Database prompts docs to cut C-section rates
Physicians affiliated with Grace Hospital in Morganton, NC, used data from the QI Project, sponsored by the Maryland Hospital Association in Lutherville to dramatically reduce cesarean rates.
The Quality Improvement Committee, made up of 12 physicians in various disciplines, targeted the cesarean rate in January 1995. At 35%, it was well above the mean of the QI Project database of 20.94%. By June 1997, the rate had dropped to 17%, which is the 25th percentile.
Report detailed rate by doctor
Having data helped spur changes in practice, says Susan Epley, RN, the hospital’s quality improvement coordinator. The QI Project provided customized reports comparing the hospital to those of a similar size and patient population in the Southeast. She also developed reports showing the cesarean rate of each obstetrician.
"When I got those individualized reports, it wasn’t hard at all to get physician buy-in [for improvements]," says Epley. "When they started talking about it and looking at their data, we started to see changes."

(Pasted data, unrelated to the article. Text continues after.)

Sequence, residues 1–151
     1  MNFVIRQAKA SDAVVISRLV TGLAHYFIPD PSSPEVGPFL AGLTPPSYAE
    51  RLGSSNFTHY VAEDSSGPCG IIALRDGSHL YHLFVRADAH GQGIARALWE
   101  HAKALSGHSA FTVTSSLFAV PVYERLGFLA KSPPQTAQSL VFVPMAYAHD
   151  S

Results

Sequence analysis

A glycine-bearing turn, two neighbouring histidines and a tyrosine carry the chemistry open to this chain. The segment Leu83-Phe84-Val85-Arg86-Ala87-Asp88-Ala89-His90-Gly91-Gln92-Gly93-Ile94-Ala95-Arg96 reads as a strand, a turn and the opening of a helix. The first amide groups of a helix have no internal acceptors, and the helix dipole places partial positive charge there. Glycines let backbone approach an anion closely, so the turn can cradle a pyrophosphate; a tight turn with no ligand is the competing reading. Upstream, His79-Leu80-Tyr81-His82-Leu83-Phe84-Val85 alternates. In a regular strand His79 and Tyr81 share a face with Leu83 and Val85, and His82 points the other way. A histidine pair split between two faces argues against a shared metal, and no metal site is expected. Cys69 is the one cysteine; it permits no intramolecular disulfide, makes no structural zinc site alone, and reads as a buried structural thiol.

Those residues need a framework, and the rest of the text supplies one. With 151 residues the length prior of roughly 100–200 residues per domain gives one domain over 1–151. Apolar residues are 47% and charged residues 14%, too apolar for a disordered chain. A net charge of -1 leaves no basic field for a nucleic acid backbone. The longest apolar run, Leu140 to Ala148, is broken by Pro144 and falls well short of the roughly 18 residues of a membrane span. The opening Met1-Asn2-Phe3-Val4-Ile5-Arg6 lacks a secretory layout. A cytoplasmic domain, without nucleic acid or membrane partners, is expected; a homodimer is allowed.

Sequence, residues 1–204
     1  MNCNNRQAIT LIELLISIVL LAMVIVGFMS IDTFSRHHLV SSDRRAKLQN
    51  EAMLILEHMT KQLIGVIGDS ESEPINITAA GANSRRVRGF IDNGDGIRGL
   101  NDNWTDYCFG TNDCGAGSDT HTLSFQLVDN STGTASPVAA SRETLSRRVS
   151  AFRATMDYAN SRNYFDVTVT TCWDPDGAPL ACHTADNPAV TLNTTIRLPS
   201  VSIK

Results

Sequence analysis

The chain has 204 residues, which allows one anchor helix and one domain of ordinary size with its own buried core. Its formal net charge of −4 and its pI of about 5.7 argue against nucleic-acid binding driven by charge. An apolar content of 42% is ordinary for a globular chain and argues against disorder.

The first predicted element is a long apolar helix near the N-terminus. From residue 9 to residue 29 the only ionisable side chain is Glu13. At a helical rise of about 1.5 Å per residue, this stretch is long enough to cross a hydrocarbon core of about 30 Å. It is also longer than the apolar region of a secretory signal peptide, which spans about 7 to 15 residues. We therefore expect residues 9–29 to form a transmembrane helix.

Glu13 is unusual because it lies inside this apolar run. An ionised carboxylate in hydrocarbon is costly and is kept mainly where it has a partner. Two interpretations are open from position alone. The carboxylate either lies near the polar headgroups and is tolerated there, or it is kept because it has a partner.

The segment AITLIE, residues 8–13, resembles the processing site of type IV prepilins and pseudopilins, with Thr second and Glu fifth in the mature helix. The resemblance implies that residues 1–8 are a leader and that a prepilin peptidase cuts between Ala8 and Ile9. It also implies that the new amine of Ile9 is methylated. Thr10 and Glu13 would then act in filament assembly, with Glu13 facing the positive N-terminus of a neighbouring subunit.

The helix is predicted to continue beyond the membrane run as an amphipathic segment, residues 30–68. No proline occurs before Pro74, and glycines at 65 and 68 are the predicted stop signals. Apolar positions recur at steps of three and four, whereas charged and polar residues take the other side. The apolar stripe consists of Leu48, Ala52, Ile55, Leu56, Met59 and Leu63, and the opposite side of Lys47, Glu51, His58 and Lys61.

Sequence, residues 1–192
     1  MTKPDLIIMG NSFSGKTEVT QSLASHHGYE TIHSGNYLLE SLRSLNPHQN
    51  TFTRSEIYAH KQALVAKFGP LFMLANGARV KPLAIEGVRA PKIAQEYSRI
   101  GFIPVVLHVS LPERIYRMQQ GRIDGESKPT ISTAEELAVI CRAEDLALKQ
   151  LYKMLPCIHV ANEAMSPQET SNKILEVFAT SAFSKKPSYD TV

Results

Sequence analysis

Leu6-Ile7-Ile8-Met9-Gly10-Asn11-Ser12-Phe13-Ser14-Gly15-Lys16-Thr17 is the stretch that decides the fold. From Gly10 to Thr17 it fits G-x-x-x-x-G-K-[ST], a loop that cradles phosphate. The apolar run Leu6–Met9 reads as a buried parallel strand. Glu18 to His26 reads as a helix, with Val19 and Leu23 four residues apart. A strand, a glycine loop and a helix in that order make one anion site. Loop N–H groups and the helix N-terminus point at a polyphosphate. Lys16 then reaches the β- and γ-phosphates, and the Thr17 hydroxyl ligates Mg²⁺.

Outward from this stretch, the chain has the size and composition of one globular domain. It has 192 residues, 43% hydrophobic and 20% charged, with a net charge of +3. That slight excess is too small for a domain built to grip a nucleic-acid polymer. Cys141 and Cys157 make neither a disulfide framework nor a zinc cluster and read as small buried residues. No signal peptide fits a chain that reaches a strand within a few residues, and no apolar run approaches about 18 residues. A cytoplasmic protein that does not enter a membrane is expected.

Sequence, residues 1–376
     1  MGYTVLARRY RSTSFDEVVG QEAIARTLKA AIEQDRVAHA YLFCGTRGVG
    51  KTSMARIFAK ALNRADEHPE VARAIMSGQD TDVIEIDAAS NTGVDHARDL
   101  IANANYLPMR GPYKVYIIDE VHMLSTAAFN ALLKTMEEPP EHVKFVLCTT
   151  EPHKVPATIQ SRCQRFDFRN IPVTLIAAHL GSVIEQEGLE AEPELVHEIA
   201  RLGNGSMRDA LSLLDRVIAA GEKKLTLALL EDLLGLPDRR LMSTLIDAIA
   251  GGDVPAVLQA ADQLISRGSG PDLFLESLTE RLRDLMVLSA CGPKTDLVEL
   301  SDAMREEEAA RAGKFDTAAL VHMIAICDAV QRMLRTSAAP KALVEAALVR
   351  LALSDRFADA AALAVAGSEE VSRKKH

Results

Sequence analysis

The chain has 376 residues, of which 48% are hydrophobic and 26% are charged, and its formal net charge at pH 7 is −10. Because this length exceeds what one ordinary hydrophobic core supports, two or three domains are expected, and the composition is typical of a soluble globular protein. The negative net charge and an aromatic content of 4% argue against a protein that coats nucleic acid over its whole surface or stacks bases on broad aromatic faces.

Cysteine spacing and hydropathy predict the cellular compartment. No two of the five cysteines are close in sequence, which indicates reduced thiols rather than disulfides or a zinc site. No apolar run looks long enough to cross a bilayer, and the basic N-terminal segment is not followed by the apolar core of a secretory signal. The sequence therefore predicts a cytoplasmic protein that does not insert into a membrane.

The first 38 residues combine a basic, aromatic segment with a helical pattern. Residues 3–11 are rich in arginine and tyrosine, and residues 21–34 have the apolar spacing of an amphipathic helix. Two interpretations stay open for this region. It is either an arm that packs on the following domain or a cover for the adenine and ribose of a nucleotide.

A quality team determined ways to reduce cesarean rates, including increased use of epidurals and other alternative forms of pain management, protocols for the induction and augmentation of labor, and improvements in patient education. Specifically, patients were given additional information about vaginal birth after cesareans.
All cesareans related to insufficient contractions were reviewed by physician peers. And the committee continued to monitor individual physician cesarean rates. "We’re going to continue to work on C-sections," promises Epley. "We’re going to make sure we maintain the progress we’ve made."